Browder subsequently created the most feared tool in international human rights law through bipartisan consensus in the United States: the Magnitsky Act, which designates those who violate human rights.
Upon discussing the circumstances of Hidirov’s death, Browder told me by phone: “I think I can say without any reservation that a country with as horrendous a human rights record as Uzbekistan should not even be considered for any international sporting event. These events should be reserved for civilized, democratic countries that honor international norms. If the evidence of Hidirov’s death proves to be true, then those responsible for this latest atrocity should be sanctioned under the Global Magnitsky Act.”
Alyn E. Smith, a member of the House of Commons and SNP shadow spokesperson for the UK Foreign and Commonwealth Office, expressed concern about Uzbekistan’s bid for the Asian Cup to me via email. Acknowledging that Uzbekistan had every right to bid for the tournament and that this could mean the country became the first successful host in Central Asia, Alyn stated: “I would hope the organizing committee of the Asian Cup will consider human rights and democracy in their criteria (when deciding Uzbekistan’s suitability as host). Sport is a great unifier and an opportunity for a host country to shine on the world stage. I would hope Uzbekistan clean up its act domestically to match this.”
Atayeva: A Legacy of Human Rights Abuse Unanswered On U.S Independence Day
Nadejda Atayeva is one of the best-known and most respected campaigners against human rights violations in Central Asia. As she admits, with no fear of reprisal or need to self-censor, Hidirov’s case is not uncommon. In fact, it is widespread. It must be taken into consideration by those who laud and award dictatorships with sporting glory. Hidirov must not die in vain.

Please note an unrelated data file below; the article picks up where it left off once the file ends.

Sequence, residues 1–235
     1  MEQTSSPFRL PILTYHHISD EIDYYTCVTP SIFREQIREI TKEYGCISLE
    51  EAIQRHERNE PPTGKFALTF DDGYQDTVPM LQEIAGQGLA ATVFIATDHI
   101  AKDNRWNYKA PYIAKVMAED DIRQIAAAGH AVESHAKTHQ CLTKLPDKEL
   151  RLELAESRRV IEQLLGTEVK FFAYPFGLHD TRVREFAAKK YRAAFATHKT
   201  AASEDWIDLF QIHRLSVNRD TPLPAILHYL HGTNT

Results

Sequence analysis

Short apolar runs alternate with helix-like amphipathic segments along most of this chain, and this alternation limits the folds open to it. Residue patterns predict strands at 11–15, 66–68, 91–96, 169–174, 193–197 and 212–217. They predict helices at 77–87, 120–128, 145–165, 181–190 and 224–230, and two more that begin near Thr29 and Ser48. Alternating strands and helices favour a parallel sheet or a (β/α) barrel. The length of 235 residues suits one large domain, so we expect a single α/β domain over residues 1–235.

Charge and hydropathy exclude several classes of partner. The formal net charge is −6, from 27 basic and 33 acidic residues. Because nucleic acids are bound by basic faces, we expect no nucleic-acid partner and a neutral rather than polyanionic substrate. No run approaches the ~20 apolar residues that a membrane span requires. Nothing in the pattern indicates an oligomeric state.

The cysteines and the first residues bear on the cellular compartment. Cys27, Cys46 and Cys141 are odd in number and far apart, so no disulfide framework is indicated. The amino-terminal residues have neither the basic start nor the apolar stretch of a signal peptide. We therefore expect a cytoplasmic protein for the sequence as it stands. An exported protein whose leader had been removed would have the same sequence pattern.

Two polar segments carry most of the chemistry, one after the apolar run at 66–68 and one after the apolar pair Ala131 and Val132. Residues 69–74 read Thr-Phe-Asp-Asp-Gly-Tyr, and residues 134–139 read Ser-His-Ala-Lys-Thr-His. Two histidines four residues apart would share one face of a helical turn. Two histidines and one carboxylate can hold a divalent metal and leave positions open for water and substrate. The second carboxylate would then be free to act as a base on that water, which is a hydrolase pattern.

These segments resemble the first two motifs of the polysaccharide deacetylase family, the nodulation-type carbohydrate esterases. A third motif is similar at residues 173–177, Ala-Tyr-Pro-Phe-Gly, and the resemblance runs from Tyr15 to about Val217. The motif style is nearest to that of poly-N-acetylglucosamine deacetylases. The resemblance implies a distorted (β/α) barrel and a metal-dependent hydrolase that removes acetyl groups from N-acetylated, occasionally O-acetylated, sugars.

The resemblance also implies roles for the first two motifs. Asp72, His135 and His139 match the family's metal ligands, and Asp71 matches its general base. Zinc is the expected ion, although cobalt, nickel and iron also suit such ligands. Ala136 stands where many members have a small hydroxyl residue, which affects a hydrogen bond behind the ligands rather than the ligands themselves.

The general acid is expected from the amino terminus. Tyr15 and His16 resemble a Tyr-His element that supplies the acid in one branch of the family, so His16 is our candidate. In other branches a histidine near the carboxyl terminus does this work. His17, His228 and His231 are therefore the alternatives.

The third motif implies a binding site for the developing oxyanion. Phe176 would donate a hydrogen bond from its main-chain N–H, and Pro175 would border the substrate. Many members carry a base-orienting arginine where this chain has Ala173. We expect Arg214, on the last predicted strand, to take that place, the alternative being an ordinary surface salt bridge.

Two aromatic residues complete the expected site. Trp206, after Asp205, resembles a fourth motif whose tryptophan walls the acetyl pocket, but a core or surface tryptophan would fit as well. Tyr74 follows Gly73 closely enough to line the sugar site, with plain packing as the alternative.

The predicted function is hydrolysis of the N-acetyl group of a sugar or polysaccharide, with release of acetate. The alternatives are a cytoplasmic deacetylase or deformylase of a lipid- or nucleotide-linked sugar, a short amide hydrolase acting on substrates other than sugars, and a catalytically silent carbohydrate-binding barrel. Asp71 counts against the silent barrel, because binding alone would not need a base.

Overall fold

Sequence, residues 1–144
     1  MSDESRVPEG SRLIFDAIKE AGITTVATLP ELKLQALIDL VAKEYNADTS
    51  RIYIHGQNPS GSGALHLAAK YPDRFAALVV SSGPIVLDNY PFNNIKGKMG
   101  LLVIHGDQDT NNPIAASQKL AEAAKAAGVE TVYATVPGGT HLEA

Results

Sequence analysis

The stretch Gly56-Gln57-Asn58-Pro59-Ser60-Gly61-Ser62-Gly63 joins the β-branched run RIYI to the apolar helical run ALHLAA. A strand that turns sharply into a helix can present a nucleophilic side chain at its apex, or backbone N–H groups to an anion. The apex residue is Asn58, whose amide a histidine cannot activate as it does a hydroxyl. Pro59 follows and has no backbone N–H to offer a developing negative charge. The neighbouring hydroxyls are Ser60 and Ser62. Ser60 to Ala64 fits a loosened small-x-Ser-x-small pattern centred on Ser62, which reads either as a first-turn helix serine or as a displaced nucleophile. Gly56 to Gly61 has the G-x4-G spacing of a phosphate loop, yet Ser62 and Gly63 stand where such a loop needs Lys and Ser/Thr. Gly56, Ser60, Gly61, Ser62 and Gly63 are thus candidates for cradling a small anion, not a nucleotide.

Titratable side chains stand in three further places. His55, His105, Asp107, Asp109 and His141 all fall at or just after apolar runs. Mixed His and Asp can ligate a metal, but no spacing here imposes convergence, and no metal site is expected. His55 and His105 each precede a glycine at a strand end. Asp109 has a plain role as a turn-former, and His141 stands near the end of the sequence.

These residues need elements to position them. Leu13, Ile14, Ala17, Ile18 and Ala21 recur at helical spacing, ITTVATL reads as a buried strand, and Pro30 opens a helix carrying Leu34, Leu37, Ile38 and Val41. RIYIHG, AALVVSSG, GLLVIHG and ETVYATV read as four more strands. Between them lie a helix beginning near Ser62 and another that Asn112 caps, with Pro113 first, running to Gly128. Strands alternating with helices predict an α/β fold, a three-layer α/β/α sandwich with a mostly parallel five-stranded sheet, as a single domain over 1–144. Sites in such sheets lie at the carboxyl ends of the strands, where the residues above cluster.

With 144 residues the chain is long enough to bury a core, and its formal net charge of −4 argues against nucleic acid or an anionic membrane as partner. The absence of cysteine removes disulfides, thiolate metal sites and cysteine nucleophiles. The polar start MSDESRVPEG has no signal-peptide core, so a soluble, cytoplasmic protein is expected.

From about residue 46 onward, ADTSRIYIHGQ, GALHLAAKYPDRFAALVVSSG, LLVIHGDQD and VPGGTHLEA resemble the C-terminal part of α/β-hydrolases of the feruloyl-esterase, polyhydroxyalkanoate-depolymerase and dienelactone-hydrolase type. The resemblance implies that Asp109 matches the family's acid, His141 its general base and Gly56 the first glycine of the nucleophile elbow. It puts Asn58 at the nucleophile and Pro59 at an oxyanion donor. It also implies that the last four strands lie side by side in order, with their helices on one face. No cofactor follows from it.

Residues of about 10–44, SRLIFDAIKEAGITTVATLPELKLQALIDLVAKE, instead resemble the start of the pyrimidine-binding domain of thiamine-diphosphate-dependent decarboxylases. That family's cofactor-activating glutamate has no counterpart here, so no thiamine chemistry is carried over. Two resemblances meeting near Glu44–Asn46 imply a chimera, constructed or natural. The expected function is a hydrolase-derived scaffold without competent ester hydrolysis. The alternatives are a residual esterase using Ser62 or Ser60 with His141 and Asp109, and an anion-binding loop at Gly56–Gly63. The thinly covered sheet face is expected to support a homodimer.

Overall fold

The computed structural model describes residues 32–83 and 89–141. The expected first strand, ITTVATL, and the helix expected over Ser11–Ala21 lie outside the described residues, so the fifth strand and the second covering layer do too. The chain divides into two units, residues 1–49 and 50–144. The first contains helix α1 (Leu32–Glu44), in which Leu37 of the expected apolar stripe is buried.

As Atayeva told me by phone: “The practice of torture and corruption are integral parts of the political regime of Uzbekistan. At the same time, the former Communists firmly retain their presence in power, even if now they call themselves Democrats. Some 30 years after the collapse of the USSR, there are as yet no instances of free democratic elections in Uzbekistan. All election processes are in violation of the current Constitution and the fundamental principles of democracy. In the last month alone, three cases of death from torture became known to the public and one of them is the case of Mr. Khidirov. Over the current week, more than ten victims of torture and failure to provide timely medical assistance turned to our organization.”
Many of us will watch sports events this Independence Day. But as we do so, all who have contributed to this article ask that close attention be paid to sports’ value as a cohesive force in democracy. It should not be used as a force of coercion by authoritarian governments to oppress or, as is alleged, torture critics. On the same day a nation bids for the prestige of hosting an international sporting event via costly media campaign, no less.